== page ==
It’s an interesting commentary on America’s moral turpitude when the United States Treasury announces that it is going to launder tainted money. An individual can go to jail for laundering drug money; Treasury gets a free pass for laundering Wall Street’s toxic assets. The difference between the two types of assets is negligible.
Yes, taxpayer money is on the cusp of taking $30 billion in “distressed” assets off the banks books. These are the “soured mortgage-related assets” scammed from an unsuspecting public through subprime mortgages, interest only loans, and teaser ARMs. (This assumes they can squeeze an additional $10 billion from private investors.)
The AP article dutifully repeats the official line that these toxic assets “have made banks reluctant to lend freely to businesses and consumers.” The truth is that when people lose their jobs and when the businesses they no longer frequent are in danger of going under, nobody is crowding bank lobbies looking for loans. The problem isn’t with the supply, it’s with the demand, and even scouring the banks’ books of all their toxic assets will do nothing to increase this demand.
The original plan had been to buy $1 trillion in toxic assets. However, according to the AP, “The program has been scaled back partly because many banks’ financial situations have improved in recent weeks, reducing their need to sell the troubled assets.”
What the article fails to mention is that this “improvement” is the result of an accounting gimmick and not an actual improvement in the banks’ financial picture. Instead of marking these assets to their market value—what people would actually pay for them—the banks are now marking them to “model”—what the banks think their worth regardless of what the market is willing to offer.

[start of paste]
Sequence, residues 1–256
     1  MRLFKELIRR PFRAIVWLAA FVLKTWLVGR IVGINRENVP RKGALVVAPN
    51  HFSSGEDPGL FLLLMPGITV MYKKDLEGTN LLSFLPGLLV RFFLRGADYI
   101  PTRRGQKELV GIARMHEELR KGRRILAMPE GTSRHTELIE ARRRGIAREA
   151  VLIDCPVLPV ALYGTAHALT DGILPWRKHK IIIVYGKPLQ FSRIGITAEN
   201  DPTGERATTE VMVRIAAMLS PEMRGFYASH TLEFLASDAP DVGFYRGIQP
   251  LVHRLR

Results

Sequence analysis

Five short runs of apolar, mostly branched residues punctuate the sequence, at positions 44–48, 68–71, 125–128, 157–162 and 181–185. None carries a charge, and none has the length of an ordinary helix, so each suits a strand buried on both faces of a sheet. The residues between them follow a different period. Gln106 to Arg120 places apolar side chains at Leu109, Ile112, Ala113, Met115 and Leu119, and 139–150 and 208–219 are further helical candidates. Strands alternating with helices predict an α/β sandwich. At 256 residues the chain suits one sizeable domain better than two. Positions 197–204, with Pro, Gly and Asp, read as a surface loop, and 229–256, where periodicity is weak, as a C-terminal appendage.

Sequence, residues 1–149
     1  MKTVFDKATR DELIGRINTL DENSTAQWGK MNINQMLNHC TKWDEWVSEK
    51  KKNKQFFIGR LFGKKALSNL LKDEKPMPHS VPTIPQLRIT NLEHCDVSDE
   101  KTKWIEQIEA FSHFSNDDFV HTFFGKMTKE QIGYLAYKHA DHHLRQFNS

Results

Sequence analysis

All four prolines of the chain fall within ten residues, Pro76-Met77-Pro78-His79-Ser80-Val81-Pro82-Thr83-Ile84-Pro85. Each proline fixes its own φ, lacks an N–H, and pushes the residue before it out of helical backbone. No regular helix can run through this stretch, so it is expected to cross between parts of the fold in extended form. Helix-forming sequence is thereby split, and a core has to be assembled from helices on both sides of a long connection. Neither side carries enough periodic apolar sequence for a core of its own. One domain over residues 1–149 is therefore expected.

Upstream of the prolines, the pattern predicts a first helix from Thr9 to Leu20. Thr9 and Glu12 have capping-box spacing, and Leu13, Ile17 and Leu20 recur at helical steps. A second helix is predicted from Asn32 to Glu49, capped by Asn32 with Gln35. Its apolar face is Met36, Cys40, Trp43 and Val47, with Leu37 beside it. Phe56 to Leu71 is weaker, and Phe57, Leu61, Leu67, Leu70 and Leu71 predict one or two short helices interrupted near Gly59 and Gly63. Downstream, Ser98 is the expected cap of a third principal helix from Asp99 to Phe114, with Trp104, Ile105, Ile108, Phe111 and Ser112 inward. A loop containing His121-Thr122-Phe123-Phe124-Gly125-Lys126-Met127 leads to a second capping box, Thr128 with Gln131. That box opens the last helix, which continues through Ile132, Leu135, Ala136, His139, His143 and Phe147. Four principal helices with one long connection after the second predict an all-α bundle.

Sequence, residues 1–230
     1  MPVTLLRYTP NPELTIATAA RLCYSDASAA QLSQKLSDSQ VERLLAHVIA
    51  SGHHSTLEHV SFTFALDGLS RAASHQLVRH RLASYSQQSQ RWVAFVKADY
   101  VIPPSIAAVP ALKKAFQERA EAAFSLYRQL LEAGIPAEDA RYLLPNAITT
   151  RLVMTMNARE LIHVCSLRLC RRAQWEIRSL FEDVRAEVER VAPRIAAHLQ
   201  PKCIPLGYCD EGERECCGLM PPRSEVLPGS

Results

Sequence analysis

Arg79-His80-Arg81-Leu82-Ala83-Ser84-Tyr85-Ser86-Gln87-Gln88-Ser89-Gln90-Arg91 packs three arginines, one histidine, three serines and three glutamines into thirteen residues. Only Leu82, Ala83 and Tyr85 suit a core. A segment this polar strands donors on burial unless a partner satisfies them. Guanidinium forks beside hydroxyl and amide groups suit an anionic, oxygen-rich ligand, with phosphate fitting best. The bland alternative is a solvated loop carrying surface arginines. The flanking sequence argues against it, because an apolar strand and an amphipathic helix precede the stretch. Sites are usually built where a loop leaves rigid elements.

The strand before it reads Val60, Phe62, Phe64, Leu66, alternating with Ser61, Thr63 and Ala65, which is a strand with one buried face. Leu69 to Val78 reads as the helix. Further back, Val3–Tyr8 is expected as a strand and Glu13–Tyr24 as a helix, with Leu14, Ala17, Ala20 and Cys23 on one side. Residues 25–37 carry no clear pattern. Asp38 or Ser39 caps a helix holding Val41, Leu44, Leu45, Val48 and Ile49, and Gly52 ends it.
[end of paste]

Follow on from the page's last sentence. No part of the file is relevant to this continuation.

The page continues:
The market is offering 10 to 20 cents on the dollar, while the banks want 60 cents on the dollar.
Experts doubt Treasury's laundromat will make any real difference in the banks’ overall financial health. It seems $40 billion could be compared to the amount of cotton it would take to Kotex a gnat’s ass in relation to the world's total cotton production. “The real hit lies in the trillions of dollars in residential home loans and commercial loans banks hold in whole-loan form on their balance sheets,” said Daniel Alpert, managing director of the investment bank Westwood Capital LLC.
So even after Geithner hands them more of our tax dollars, the banks will remain as insolvent as ever, though they will manage to maintain the illusion of a Never-Never Land solvency until the public finally realizes that the cupboard is bare.